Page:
Before the deal was struck on Syria’s chemical weapons, French intelligence estimated that Syria possessed more than 1,000 metric tons of chemical warfare agents and precursor chemicals, including mustard blister agent, sarin nerve agent, and VX nerve agent. Ultimately, Syria declared more than 1,300 tons of those materials and they were removed through the efforts of the Organization for the Prohibition of Chemical Weapons (OPCW).
“The last of the remaining chemicals identified for removal from Syria were loaded this afternoon aboard the Danish ship Ark Futura,” Ahmet Üzümcü, the director-general of the OPCW, announced in June 2014. “The ship made its last call at the port of Latakia in what has been a long and patient campaign in support of this international endeavor. Removing the stockpile of precursor and other chemicals has been a fundamental condition in the program to eliminate Syria’s chemical weapons program.”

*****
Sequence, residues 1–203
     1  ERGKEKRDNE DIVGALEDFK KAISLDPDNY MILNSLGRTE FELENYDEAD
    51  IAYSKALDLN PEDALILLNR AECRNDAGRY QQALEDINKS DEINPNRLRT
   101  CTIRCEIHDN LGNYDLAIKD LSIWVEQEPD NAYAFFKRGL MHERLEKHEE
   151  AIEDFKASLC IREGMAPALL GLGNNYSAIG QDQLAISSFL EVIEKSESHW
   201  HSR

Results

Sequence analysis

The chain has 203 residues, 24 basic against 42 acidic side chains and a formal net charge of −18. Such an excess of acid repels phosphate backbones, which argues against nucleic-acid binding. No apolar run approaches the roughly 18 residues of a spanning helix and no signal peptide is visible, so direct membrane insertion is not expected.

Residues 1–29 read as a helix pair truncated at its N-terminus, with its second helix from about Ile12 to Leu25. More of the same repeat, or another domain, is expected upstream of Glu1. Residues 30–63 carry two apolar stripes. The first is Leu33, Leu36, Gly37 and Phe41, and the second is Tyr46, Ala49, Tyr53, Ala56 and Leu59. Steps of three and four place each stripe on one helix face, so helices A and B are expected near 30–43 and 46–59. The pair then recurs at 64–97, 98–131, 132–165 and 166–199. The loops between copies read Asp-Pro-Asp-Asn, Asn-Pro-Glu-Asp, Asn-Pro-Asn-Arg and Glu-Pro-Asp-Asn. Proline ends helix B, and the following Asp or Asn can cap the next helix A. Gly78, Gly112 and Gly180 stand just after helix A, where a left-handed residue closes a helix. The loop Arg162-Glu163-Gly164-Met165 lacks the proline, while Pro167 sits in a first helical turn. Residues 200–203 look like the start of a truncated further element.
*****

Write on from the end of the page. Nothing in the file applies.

Obama, in a statement at the time, said: “Today we mark an important achievement in our ongoing effort to counter the spread of weapons of mass destruction by eliminating Syria’s declared chemical weapons stockpile.” But he added: “Serious questions remain with respect to the omissions and discrepancies in Syria’s declaration to the OPCW and about continued allegations of use.”
Generally, Kerry and other Obama officials were careful to slip in the phrase “declared” or “known” when discussing the removal of chemical weapons from Syria — although Kerry certainly flubbed it when he said “100 percent,” suggesting every weapon was removed.